Against this criticism a Theist might still maintain that it is more likely that the eye was designed by a supreme being than that it came about merely by chance.

Evolution

The existence of a Divine Watchmaker is not, however, the only possible explanation of how it is that animals and plants are so well adapted to their functions. In particular, Charles Darwin’s (1809–82) theory of evolution by natural selection, explained in his book The Origin of Species (1859), gives a widely accepted alternative explanation of this phenomenon. Darwin showed how, by a process of the survival of the fittest, those animals and plants best suited to their environments lived to pass on their characteristics to their offspring. Later scientists have been able to account for the mechanism of evolution in terms of inherited genes. This process explains how such marvellous adaptations to environment as are found in the animal and plant kingdoms could have occurred, without needing to introduce the notion of God.
Of course Darwin’s theory of evolution in no way disproves God’s existence – indeed, many Christians accept it as the best explanation of how plants, animals, and human beings came to be as they are: they believe that God created the mechanism of evolution itself. However, Darwin’s theory does weaken the power of the Design Argument since it explains the same effects without any mention of God as their cause. The existence of such a theory about the mechanism of biological adaptation prevents the Design Argument from being a conclusive proof of God’s existence.

Limitations on Conclusion

Even if, despite the objections mentioned so far, you still find the Design Argument convincing, you should notice that it doesn’t prove the existence of a unique, all-powerful, all-knowing, and all-good God. Close examination of the argument shows it to be limited in a number of ways.
First, the argument completely fails to support monotheism – the view that there is just one God. Even if you accept that the world and everything in it clearly shows evidence of having been designed, there is no reason to believe that it was all designed by one God. Why couldn’t it have been designed by a team of lesser gods working together? After all, most large-scale, complex human constructions such as skyscrapers, pyramids, space rockets, and so on, were made by teams of individuals, so surely if we carry the analogy to its logical conclusion it will lead us to believe that the world was designed by a group of gods working together.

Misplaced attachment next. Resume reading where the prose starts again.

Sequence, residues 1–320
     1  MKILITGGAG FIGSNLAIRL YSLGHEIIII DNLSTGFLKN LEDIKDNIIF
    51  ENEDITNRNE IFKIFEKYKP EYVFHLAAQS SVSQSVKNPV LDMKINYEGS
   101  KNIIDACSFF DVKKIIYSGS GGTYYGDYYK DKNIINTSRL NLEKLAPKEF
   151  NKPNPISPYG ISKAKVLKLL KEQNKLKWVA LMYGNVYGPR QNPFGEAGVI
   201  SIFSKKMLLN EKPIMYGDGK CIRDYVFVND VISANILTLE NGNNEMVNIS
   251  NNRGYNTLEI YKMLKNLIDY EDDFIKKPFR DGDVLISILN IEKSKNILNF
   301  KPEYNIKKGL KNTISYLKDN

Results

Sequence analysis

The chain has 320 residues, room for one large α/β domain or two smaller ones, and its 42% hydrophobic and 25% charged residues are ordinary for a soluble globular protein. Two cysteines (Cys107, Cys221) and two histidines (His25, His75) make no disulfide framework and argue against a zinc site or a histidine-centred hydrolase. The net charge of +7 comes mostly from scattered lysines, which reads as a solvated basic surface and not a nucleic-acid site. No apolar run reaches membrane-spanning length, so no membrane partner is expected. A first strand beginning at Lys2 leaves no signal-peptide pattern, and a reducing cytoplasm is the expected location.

Second, the argument doesn’t necessarily support the view that the Designer (or designers) was all-powerful. It could plausibly be argued that the universe has a number of ‘design faults’: for instance, the human eye has a tendency to short-sightedness, and to cataracts in old age – hardly the work of an all-powerful Creator wanting to create the best world possible. Such observations might lead some people to think that the Designer of the universe, far from being all-powerful, was a comparatively weak god or gods, or possibly a young god experimenting with his or her powers. Maybe the Designer died soon after creating the universe, allowing it to run down of its own accord. The Design Argument provides at least as much evidence for these conclusions as it does for the existence of the God described by the Theists. So the Design Argument alone cannot prove that the Theists’ God rather than some other type of God or gods exists.